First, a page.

Oct 17, 2014 2:00 PM GMT-0300

Monsanto Co. (MON), the world’s largest seed company, is planning to restrict sales of its herbicides in Argentina to certified buyers in a bid to reduce incidents of incorrect spraying that pose health risks.

The St Louis, Missouri-based company is working to create a register of herbicide users, Fernando Giannoni, director of corporate affairs for southern Latin America, said in an interview yesterday in Buenos Aires.
“We hope in the future to only sell our product to certified appliers,” Giannoni said. “Of course we don’t recommend that it’s applied near urban populations, nor schools or rivers. I don’t rule out that in the future we could sue farmers that apply our product incorrectly.”
He denied a report by Argentina’s National University of Rio Cuarto in Cordoba that links glyphosate, used in Monsanto’s weed killers, with cancer and blamed any side effects on farmers misusing the chemical. Giannoni said that while he hasn’t seen the Rio Cuarto paper, other reports have always ended up being disproved when sent up for peer review by the international scientific community.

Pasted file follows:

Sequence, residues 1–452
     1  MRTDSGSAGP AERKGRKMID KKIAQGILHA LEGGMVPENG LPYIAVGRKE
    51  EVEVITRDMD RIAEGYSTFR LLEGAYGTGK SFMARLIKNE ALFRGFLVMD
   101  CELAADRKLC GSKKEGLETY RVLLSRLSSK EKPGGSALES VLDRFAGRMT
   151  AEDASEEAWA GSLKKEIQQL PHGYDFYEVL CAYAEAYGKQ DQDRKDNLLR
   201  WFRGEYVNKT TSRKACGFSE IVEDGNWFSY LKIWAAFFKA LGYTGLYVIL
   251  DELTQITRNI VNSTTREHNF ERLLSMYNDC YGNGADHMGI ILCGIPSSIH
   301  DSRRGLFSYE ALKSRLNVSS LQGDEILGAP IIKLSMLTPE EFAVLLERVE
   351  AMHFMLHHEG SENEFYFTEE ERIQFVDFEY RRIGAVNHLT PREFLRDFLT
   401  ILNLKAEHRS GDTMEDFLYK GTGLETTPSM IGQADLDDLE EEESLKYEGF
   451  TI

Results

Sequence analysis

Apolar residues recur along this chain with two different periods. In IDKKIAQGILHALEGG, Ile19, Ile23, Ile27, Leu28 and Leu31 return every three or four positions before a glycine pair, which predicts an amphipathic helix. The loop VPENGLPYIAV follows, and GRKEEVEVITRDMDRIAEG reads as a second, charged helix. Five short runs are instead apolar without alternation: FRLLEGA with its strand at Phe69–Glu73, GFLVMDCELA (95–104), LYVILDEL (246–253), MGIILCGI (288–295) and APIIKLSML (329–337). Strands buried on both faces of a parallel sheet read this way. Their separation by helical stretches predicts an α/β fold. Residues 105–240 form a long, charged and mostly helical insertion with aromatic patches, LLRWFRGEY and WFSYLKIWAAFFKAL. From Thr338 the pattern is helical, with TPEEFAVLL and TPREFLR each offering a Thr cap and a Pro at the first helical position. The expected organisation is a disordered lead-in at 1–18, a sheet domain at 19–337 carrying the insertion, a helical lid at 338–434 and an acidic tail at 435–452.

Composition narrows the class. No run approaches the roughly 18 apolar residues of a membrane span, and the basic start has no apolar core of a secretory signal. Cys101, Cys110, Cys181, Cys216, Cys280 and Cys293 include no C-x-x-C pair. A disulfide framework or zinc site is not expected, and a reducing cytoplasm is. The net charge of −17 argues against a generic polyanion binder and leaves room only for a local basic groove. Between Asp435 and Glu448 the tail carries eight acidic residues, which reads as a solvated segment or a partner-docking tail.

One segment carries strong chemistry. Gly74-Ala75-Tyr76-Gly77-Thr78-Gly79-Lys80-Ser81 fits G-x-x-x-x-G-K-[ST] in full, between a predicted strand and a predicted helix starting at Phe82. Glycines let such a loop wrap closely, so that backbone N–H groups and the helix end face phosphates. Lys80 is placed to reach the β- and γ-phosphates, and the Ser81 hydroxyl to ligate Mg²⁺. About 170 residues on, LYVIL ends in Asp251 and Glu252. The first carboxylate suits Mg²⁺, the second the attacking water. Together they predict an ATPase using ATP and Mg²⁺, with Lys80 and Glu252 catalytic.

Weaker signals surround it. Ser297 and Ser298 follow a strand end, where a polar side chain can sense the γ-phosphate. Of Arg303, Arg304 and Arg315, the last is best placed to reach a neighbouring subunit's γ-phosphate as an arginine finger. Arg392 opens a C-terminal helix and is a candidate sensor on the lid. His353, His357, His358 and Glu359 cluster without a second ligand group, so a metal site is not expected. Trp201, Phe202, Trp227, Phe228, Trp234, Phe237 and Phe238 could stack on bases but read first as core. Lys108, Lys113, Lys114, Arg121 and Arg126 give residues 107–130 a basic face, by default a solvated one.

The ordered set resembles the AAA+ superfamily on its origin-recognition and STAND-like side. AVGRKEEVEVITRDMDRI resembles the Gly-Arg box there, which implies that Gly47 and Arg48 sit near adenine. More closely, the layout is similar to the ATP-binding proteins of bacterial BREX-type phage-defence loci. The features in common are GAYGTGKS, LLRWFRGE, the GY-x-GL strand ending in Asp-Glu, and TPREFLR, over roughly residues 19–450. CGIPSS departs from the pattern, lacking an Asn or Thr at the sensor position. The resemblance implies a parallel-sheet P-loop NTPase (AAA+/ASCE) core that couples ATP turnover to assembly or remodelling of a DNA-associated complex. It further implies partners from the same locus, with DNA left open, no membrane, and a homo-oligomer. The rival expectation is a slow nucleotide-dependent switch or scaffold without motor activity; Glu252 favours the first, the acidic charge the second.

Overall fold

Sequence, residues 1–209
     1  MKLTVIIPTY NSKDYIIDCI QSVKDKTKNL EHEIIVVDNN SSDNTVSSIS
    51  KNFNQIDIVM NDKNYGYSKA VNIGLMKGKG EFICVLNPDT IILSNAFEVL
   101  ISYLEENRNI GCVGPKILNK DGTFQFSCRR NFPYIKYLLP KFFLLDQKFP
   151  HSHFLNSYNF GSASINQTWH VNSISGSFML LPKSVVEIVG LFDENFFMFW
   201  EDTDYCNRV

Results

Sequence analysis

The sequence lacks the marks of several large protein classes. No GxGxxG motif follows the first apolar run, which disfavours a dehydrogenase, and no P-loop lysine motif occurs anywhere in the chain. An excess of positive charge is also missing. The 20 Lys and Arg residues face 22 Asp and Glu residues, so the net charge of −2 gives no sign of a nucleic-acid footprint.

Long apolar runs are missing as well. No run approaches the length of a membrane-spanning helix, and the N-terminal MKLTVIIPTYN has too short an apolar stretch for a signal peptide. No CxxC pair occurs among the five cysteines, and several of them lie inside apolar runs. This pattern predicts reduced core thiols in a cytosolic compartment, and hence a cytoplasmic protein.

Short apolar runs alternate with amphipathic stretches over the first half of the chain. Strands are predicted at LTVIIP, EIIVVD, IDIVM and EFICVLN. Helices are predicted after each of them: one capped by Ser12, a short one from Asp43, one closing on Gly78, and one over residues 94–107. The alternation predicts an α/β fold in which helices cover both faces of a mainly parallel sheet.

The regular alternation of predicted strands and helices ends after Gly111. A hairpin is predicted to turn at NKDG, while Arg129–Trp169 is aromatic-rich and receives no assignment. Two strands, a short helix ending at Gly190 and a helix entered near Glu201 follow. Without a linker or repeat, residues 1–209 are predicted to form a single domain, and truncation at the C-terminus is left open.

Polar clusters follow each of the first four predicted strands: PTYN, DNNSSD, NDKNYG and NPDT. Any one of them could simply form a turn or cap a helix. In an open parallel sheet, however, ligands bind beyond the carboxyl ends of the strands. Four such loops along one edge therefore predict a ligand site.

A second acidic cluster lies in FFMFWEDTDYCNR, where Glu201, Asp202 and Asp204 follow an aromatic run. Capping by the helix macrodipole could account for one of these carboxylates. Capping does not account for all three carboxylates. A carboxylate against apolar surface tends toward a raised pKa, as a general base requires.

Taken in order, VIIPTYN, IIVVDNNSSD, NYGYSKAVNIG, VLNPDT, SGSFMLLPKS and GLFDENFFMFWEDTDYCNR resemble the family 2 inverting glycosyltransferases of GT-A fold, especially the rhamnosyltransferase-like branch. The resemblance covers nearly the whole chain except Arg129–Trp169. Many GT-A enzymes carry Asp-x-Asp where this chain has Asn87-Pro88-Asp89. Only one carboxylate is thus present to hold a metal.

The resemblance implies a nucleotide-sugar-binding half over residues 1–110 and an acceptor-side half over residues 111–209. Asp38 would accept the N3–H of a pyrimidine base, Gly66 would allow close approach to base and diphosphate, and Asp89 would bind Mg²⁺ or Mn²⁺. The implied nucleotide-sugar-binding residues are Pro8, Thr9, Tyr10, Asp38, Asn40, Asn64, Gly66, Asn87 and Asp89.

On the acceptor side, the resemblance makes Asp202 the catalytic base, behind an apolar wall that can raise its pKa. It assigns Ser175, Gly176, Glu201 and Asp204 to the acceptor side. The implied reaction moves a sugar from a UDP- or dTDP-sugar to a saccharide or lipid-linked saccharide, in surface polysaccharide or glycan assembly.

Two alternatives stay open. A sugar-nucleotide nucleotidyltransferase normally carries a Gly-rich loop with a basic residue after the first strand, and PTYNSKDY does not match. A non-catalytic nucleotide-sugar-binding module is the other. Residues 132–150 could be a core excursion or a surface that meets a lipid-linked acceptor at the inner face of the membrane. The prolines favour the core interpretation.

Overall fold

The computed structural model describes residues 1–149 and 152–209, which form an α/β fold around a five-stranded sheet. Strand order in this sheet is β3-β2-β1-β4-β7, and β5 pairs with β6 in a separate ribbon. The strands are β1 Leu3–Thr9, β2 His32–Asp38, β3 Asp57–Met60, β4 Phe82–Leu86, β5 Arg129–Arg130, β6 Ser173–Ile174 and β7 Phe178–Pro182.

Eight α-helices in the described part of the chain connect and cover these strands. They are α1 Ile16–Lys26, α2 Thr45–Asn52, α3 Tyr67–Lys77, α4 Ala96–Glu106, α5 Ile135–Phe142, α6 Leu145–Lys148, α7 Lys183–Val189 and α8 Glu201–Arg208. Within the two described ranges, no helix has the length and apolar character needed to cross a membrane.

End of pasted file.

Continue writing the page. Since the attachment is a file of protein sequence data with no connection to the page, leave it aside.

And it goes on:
Monsanto will seek to work with provinces or the national government to establish norms for the application of herbicides, Giannoni said. Argentina accounted for 7.5 percent of Monsanto’s sales last year, up from 5.9 percent in 2010, according to data compiled by Bloomberg.
“What’s happening is that there’s 5 percent of people that are using our product irresponsibly and this causes damage that applies to all farmers,” Giannoni said. “As an industry we need to close ranks so that everyone applies the product responsibly and expose those who don’t.”
To contact the reporters on this story: Charlie Devereux in Buenos Aires at cdevereux3@bloomberg.net; Pablo Gonzalez in Buenos Aires at pgonzalez49@bloomberg.net
To contact the editors responsible for this story: James Attwood at jattwood3@bloomberg.net; Andre Soliani at asoliani@bloomberg.net Jim Efstathiou Jr.